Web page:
I’m a human being, which means I naturally like to be comfortable. I don’t like being responsible. It’s not fun it’s very uncomfortable. Most people given the option of being on vacation or going to work, would rather be on vacation, of course. Most of us would much rather be on a beach somewhere or in the woods camping than going to work. We work because we have to. It’s what it takes to survive. It’s not always fun and it’s not always comfortable but it is the responsible thing to do and it’s vital to self care. This is how I view self responsibility. It is work, it is not play so it’s not fun. It takes work to be responsible. I don’t do it because it feels wonderful- though through it I experience my freedom, my innate strength, and it feels right – I work at self responsibility because I am worth it.

If I am to get fully responsible I could actually question my own experience at the store. Was he in fact being racist in this case? Did he actually say ‘You Black people can’t be trusted’?

No. He did not say those words.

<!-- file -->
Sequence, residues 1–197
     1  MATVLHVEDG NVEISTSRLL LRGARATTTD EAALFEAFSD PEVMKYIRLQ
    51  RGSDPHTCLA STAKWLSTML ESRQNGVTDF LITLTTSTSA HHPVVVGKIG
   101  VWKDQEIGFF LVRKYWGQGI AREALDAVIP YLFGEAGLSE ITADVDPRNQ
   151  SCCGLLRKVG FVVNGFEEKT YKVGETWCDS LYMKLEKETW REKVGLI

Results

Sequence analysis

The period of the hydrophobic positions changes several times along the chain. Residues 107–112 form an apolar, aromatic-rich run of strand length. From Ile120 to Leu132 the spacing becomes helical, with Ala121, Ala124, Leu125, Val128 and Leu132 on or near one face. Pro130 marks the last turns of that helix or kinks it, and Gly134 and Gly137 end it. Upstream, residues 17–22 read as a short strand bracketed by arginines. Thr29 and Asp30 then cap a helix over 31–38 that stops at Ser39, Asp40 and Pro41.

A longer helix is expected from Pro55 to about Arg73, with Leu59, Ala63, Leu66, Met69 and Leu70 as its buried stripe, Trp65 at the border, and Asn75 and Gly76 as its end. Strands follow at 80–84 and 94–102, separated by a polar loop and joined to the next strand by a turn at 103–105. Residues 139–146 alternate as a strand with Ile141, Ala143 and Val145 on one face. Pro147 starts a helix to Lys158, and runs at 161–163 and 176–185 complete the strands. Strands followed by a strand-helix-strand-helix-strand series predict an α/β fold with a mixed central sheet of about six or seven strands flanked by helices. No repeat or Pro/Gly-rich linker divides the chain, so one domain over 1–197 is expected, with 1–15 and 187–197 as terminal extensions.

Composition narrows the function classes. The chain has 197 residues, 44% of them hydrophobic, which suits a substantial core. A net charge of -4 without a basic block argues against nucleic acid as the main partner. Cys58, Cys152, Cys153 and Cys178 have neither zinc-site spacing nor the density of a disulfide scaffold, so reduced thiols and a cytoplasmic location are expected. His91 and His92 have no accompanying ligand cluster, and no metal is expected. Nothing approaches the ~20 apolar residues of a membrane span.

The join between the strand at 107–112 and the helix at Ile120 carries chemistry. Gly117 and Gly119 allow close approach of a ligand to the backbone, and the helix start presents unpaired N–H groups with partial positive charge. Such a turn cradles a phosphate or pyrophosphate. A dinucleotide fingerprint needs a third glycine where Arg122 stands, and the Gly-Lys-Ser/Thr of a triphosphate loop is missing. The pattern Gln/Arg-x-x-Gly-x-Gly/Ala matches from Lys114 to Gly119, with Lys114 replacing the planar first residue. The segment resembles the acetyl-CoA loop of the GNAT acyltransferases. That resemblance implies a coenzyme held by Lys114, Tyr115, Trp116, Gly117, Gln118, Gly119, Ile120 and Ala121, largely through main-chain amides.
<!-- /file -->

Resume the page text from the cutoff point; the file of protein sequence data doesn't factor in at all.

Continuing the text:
So how much of that was my own perception of what was transpiring? Was it me singling myself and her out as Black that was actually what created the distress of this perception? Either way, to be called untrustworthy merits upset. My question is, was it racist? I’m willing to question myself and actually look. For all I know, he could have felt confronted by being told he should not be looking through the phone. His response to us could have been protective anger. Perhaps he felt insulted. Perhaps I was actually the one that left him feeling untrustworthy to begin with and he was merely defending his own honor. Now granted, him picking up the phone was alarming, but was he going to steal it? He made no move to run and my expressed concern was, he was going to steal it. That was the cashier’s concern as well. Maybe the concern was valid. However, why was it OK for us to be concerned, and racist for him to express his concern? And this person, who knows himself as trustworthy and was the one who pointed out the missing phone to begin with, perhaps felt taken back by two people interacting with him in reaction as if he was not trustworthy. Now, with all of the self righteousness I felt at the beginning of this article, how does it feel to take responsibility for the fact that I left this man feeling unworthy of trust to begin with?